Tuesday, January 6, 2015

Believe in good

Hello 2015! 

It was recently pointed out that, with the new year in, we're now as close to the year 2030 as to 2000. 

Yikes was my first thought, and then I thought about it some more. 

Most of us remember the millennial year and the fears which preceded it. We hoped electricity grids would continue to work and that computers would prove digitally capable of transfer to the new century along with the rest of us. 

All that feels an astonishingly long time ago. It registers, in a way, as ancient history and at the same time it was gone in a flash. 

As a grade-schooler in the 1960s the year 2000 seemed light ages away. It was a date so far in the future it had the magic of the almost unobtainable.

It was so distant you could imagine anything about it. No one could tell you it couldn't happen. No one could tell you the wildest idea about it couldn't come true.

If thought about at all, 2000 was presented in terms of futuristic travel and marvelous inventions. Cars would self-drive is one of the things I remember reading about. 

This particular prognostication was perhaps written up in a scholastic newspaper, distributed weekly in the elementary classes in those years. The article came with an illustration of a dad at the steering wheel of a moving car.

He was depicted looking very carefree. He was taking his turn at a board game being played by the kids on a kind of table or console between the front seat and back seat, where they were. 

Perhaps he was simply looking on with affable interest but the thing is, his eyes weren't on the road. 

Mom had her own relaxed expression as the family drove along. Incredibly, not one of them showed any concern about where the car was going. It impressed me sufficiently to really stick.

Fifteen years by fifteen years time moves on. Each year begins a new slate bringing us ever closer to a new defined future. At the same time the old year and its undone business comes along with the switch of the calendar. 

Entry into the new year begins to shift meaning for lots of us as we move on in life. Dread of change, which can feel like undue upheaval, can come with the approach of new times.

This is a reason for lack of enthusiasm about the new year for some folks. The new year is unknown. It represents uncharted territory which, as you get older, forecasts an increasingly more challenging course.

Perhaps it's a subconscious wish to hold on to what's familiar. At any rate, numbers of us aren't giddy at prospects of a new year ahead. 

It's my hunch many are actually sad to see the old year go, even with its rough patches, which a year will give.

It's takes courage to expect good in change. Maybe that's what some of us run low on. It can require plenty of stamina to trust that good often comes with the new.

A few days into January a friend and I exchanged New Year's greetings. I.'m one who likes to say Happy New Year as often and to as many as I can. It's a friendly wish that helps to usher in January. It puts you on solid footing with all that is to come. 

She followed up by wondering aloud what, exactly, 2015 would bring. "It'll bring good," was my prompt assurance..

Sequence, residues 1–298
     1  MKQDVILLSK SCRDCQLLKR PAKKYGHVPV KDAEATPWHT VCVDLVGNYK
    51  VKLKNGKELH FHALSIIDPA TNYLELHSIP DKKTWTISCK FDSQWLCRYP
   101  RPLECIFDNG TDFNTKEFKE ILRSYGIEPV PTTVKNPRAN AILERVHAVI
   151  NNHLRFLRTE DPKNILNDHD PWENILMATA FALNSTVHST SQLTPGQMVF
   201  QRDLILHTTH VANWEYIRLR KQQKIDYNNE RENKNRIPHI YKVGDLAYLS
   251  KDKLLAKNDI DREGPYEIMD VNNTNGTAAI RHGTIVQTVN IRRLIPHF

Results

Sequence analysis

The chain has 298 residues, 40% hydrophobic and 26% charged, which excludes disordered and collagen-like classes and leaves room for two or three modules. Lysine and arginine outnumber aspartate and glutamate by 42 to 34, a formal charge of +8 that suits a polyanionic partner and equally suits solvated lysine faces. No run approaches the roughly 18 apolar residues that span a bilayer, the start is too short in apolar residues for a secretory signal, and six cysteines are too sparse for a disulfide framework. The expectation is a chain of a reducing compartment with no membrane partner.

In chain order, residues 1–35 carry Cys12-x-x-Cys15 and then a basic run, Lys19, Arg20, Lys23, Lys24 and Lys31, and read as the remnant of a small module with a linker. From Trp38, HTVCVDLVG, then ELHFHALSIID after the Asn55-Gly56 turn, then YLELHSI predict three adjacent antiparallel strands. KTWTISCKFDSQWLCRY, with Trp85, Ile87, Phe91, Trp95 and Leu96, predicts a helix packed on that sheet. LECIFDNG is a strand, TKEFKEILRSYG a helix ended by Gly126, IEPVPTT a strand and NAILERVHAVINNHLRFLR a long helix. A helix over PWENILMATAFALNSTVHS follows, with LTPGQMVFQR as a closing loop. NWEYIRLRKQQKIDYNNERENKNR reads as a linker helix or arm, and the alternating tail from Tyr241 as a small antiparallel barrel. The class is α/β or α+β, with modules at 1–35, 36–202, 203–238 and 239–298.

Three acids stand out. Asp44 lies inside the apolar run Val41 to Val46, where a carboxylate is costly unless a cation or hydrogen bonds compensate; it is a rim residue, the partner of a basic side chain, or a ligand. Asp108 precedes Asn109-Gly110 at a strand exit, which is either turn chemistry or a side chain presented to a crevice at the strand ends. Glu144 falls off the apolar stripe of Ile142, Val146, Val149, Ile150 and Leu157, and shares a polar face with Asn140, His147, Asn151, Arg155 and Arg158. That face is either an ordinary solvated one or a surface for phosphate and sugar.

My automatic reply surprised me by its intensity. It was such an emphatic pronouncement. And yet it seemed right when I reflected on it. It's absolutely right to believe the new year will bring good.

It reminded me of a message on a tee-shirt I'd seen at the New Year. I noticed it because it said "Believe." 

Believe is a word which always makes me take note. Underneath "Believe" was the image of a butterfly and two words: "Butterfly effect."

Here's a young idealist was my thought as tee-shirt girl went by. She could have been me that many years ago.

My slogans for living weren't printed on tee-shirts back then but my philosophy was a similar match to hers. And they're still my slogans for living well, my own perspective for navigating this interesting world.

"Believe ... Butterfly effect " didn't stay on the tee-shirt, It began to accompany my thinking as it was intended to transmit itself.

The message iterates the theory that seemingly insignificant actions repeated over and over can have dramatic changing results.

It's like suggesting that the gentle flapping of butterfly wings can start a long chain of air disturbances that can cause a tempest of global proportions.

If something so gentle as myriads of butterflies can ultimately have widespread consequences, then surely repeated persistent actions of belief, good will and kindness can work their power too. 

These actions of will and choice can generate momentum that becomes positively sustained movement to impact and bring regenerative well-being to the face of the earth.

"Believe . . . Butterfly effect" has already traveled beyond tee-shirt girl. Just today I overheard snatches of conversation between two women who, running into each other in a supermarket parking lot, were.wishing each other a happy new year.

Their exchange was like between my friend and me. It ended with one of them saying, with conviction to her statement, that the new year would certainly hold good.

Maybe their visit drifted to me, which otherwise might have been missed, because "Believe . . . Butterfly effect" is a radar switched on to pick up and to absorb the good that is going on around you. 

This is how I interpret, anyway, the chance to hear my belief in the good 2015 will bring repeated by the stranger in the grocery store parking lot.

One person by one person the world can benefit from belief in good. 

It's advantageous to all of us to say good things and do good things. We can think of these actions as butterfly wings that can change events if not the entire world, 

Ro Giencke - January 6, 2015

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